- In on the Joke: The Original Queens of Stand-Up Comedyby Shawn Levy
The all-too-familiar questions “Are women funny?” and “What’s it like to be a woman in comedy?” have generated a plethora of works in humor studies about women in comedy. The collection Hysterical! Women in American Comedycontributes several brilliant essays on the topic. Shawn Levy’s In on the Joke: The Original Queens of Stand-Up Comedyserves [End Page 310]as a popular press version of this turn toward highlighting women in the history of comedy. It also supplements a body of well-crafted journalistic work on the history of stand-up comedy, which includes Kliph Nesteroff ’s The Comedians, Gerald Nachman’s Seriously Funny: The Rebel Comedians of the 1950s and 1960s, and Richard Zoglin’s Comedy at the Edge: How Stand-up in the 1970s Changed America. These histories, while useful, tend to underestimate the gendered and racialized dynamics of the form. Shawn Levy’s In on the Jokefits on the bookshelf next to Nesteroff ’s and Nachman’s work in relaying the history of American stand-up comedy through the “original queens” who pioneered the form. Each chapter follows the lives and careers of different queens of comedy: Jackie “Moms” Mabley, Minnie Pearl, Belle Barth, Rusty Warren, Phyllis Diller, Elaine May, Totie Fields, and Joan Rivers. The collection of anecdotes and biographies that anchor Levy’s study ultimately constitutes an important platform for funny women and a much-needed history of show business. However, the book’s account of “womanhood” is not as complicated as it could be, as it overlooks the role of race and queerness in American comedy.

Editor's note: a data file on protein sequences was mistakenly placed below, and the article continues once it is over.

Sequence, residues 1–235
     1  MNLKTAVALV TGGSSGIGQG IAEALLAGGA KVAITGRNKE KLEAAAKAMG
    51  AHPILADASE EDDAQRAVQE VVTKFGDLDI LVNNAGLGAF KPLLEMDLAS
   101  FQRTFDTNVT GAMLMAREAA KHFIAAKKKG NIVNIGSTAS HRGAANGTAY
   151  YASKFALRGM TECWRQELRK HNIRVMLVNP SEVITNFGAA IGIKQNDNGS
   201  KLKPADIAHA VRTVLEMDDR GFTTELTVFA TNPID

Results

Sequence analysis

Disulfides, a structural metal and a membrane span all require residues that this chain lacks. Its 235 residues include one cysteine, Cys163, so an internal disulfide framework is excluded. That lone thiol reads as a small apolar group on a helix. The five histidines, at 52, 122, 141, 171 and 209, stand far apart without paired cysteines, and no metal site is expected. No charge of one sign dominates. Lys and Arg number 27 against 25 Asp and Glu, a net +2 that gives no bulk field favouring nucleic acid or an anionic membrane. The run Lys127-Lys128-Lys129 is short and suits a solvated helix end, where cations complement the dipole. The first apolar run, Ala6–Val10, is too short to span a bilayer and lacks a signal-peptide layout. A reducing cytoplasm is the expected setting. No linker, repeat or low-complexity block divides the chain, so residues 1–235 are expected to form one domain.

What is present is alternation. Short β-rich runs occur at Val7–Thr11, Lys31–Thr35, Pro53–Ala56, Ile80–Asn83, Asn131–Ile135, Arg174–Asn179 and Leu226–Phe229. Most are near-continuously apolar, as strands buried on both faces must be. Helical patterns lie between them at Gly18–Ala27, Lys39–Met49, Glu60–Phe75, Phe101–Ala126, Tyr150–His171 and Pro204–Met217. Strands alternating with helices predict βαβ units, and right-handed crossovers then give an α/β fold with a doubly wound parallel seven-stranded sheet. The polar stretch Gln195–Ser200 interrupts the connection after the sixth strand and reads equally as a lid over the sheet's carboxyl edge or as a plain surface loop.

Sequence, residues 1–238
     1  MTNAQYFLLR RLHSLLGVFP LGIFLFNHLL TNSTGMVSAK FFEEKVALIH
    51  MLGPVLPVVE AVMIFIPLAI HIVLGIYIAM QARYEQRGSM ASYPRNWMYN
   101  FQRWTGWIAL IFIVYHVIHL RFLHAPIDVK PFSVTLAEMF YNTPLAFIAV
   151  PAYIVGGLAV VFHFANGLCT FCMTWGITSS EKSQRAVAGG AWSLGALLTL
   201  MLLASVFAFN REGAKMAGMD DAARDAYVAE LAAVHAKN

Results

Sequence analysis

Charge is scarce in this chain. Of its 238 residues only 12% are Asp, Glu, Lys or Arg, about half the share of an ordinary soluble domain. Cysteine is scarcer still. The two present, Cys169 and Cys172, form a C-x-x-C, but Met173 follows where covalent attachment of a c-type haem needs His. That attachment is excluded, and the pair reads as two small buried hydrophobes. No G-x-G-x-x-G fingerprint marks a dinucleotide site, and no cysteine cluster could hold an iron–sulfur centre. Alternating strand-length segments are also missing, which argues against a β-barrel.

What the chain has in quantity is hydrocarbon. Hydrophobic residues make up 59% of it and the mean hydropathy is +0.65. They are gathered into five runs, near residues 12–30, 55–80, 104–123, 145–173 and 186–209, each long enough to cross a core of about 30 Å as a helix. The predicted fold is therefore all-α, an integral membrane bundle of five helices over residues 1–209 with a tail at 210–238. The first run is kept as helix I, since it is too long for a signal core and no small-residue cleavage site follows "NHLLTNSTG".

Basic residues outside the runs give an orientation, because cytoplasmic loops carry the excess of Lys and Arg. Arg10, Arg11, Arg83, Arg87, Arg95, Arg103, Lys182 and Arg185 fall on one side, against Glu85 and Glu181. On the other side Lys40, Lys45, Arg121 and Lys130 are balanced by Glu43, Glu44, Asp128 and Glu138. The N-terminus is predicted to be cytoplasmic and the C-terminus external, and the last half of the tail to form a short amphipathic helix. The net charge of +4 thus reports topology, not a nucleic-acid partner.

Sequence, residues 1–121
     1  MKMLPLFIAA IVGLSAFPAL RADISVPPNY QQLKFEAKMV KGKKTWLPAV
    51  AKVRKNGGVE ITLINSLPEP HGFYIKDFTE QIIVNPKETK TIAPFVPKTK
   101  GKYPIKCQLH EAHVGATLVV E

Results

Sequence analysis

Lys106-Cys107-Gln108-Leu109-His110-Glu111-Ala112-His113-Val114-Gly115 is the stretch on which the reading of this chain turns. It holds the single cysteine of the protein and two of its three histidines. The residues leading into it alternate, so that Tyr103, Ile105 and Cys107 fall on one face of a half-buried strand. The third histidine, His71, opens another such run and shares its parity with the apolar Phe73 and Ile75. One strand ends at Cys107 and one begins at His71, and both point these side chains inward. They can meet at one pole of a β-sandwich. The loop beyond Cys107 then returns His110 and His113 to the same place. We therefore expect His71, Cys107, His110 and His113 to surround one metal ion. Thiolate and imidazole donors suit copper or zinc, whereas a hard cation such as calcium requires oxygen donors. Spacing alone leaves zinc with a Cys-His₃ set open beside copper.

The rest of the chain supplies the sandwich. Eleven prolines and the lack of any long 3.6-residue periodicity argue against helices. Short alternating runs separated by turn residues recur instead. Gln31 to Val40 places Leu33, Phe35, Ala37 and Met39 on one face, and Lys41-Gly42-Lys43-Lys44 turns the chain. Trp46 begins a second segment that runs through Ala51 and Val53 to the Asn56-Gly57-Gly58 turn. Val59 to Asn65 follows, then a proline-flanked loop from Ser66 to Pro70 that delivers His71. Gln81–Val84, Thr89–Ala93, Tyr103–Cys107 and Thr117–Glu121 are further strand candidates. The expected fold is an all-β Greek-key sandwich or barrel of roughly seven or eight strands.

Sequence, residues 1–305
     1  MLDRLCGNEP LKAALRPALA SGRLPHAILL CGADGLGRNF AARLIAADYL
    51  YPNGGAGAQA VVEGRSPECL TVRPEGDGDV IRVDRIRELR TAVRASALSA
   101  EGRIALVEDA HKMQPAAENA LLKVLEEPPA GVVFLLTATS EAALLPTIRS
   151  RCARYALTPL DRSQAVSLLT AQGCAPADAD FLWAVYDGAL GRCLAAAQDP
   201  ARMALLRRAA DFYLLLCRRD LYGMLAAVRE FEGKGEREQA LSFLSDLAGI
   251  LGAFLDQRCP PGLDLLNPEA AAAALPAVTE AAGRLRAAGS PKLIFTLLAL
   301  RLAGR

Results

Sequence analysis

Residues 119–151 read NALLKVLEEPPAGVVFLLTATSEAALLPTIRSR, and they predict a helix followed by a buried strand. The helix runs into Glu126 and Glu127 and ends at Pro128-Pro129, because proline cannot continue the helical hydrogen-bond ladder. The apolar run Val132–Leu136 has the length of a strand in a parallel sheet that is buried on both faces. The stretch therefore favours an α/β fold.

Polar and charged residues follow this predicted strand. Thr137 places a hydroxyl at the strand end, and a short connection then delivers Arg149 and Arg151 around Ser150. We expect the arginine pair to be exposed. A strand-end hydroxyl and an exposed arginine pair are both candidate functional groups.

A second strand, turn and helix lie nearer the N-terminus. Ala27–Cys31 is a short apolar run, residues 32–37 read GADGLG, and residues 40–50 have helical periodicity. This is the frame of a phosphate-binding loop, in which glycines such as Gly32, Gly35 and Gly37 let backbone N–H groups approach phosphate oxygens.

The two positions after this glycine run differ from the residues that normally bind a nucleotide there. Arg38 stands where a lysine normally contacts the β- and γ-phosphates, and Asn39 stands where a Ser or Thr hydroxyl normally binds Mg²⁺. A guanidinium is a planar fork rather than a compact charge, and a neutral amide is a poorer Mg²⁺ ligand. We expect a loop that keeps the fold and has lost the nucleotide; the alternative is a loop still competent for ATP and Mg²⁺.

One major problem with the framework of “women in comedy” is its retrograde understanding of the term “women” and its inability to grapple with discrimination across gender variation. Though Levy offers a chapter on each individual woman, implicitly making the argument that women have been fundamental to the history and the institution of stand-up comedy, he relies on a presumption that many of these comedians had to alter or hide their womanhood in order to succeed in a male-dominated field. The book opens with an anecdote about Phyllis Diller dressing in men’s clothes to attend the Friars Club roast incognito, since women were not allowed to attend. Levy uses this anecdote to showcase the exclusion of women like Diller, but he fails to fully reckon with her relationship to drag and the queer community—a relationship that she herself claims in Yael Kohen’s We Killed, which Levy cites. There is, then, a phantom queerness that haunts this book, beginning with a subtitle that exploits a queer idiom, the opening anecdote of Diller in drag, and stories like that of Rusty Warren attending a drag show with Diller to watch drag queens imitate them both. Frankly, I expected more about the influence of drag performance on stand-up comedy as a form, never mind about the complexities of gender expression that shape a gendered history of comedy. In yet another example, Levy point out that Moms Mabley dressed in suits and [End Page 311]reportedly had dalliances with chorus girls. But queerness remains a kind of absent presence. More research needs to be done to think through the relationship between “women in comedy” and gender identity and forms of queer performance. This is even more imperative now given the current wave of antitrans and antidrag legislation and the related struggle to codify or authorize an inclusion of the “original queens of stand-up comedy” in a complicated history of American humor.
When it comes to racial representation, Mabley is presented as the exemplar. Levy calls her by Aristotle’s nickname, “the philosopher.” Although the chapter offers a good overview of Mabley’s career, it also reveals that more scholarship is needed about this era and the role of Black comedians in the trajectory of stand-up comedy. This is the only chapter on the contribution of Black women to...